The port city of Le Havre sits at the confluence of the Seine River and the English Channel along the northern coastline of France (Upper Normandy region). It is the largest container port in France, and the second largest in total traffic after Marseille. The extensive port facilities, visible at image center, include numerous docks (large cargo ships are clearly visible), storage tanks for petroleum and other chemicals, and large industrial and warehouse facilities with white rooftops.
The port of Le Havre also serves seagoing pleasure cruise vessels. The southern edge of the port facility along the Seine includes a seawall-enclosed ship turning area (image lower center). North of the city, the Montgeon Forest includes 200 hectares of woodland and 30 hectares of meadows and lawns.
The urban area of Le Havre was largely destroyed during World War II. After the war, the city was rebuilt following the vision of architect Auguste Perret, who favored the use of reinforced and precast concrete in building structures. Much of the city built between 1945 and 1964 follows Perret’s plan in both form and materials—leading to the designation of Le Havre as a UNESCO World Heritage Site in 2005.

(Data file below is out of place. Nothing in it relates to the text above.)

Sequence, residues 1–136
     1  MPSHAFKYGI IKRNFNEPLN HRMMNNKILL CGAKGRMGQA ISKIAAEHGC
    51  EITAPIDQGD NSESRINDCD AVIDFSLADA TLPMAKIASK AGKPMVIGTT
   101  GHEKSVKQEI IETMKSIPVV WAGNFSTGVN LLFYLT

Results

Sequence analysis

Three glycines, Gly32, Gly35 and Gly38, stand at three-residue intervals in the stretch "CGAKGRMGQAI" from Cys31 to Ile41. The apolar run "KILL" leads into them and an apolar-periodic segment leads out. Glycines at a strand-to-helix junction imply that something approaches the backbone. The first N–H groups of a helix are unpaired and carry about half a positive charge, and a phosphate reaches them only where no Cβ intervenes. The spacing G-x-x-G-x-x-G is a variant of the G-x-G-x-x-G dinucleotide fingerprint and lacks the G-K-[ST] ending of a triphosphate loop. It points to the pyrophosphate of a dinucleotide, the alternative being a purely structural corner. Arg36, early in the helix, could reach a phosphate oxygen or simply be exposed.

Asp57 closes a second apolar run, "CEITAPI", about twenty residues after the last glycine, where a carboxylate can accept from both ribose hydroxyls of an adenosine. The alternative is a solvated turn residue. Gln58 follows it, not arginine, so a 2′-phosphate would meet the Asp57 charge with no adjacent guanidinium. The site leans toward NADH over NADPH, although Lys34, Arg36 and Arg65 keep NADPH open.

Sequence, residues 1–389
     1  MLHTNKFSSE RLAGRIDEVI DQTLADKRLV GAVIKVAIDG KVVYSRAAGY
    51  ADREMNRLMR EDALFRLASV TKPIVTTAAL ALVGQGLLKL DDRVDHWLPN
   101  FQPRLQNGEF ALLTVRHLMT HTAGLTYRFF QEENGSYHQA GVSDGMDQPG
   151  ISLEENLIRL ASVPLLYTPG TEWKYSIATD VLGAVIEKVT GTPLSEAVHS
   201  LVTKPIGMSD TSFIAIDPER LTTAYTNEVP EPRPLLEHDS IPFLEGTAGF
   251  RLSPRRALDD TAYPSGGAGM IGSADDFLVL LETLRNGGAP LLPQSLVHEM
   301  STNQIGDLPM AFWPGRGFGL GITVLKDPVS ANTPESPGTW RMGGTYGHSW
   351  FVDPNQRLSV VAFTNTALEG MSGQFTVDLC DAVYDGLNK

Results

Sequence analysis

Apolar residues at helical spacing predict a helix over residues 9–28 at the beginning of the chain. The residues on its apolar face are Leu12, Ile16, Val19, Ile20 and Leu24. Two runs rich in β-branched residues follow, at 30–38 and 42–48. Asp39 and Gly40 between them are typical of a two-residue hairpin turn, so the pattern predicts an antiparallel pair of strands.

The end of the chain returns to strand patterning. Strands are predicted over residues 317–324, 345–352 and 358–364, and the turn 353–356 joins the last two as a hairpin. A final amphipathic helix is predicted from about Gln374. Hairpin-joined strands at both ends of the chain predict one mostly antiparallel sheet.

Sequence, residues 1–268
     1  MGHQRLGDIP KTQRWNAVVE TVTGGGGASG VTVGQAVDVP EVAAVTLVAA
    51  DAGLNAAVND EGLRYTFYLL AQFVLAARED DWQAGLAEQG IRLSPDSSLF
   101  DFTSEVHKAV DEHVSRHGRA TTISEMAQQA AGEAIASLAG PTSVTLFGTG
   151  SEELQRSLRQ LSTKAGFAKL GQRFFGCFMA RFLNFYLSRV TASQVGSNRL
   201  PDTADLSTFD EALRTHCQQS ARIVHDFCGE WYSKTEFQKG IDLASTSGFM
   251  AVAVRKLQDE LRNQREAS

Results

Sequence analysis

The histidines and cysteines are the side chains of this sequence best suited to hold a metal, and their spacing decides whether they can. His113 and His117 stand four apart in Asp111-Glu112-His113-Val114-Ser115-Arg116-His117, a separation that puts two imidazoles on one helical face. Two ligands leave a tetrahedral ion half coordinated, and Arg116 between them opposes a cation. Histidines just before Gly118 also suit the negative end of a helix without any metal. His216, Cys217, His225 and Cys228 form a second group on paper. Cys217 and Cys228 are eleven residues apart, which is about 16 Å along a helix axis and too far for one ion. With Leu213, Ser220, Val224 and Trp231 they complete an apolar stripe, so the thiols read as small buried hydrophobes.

Astronaut photograph ISS037-E-21618 was acquired on October 26, 2013, with a Nikon D3X digital camera using a 1000 millimeter lens, and is provided by the ISS Crew Earth Observations experiment and Image Science & Analysis Laboratory, Johnson Space Center. The image was taken by the Expedition 37 crew. It has been cropped and enhanced to improve contrast, and lens artifacts have been removed. The International Space Station Program supports the laboratory as part of the ISS National Lab to help astronauts take pictures of Earth that will be of the greatest value to scientists and the public, and to make those images freely available on the Internet. Additional images taken by astronauts and cosmonauts can be viewed at the NASA/JSC Gateway to Astronaut Photography of Earth. Caption by William L. Stefanov, Jacobs at NASA-JSC.
The second largest container port in France is also a World Heritage Site for its unique concrete buildings.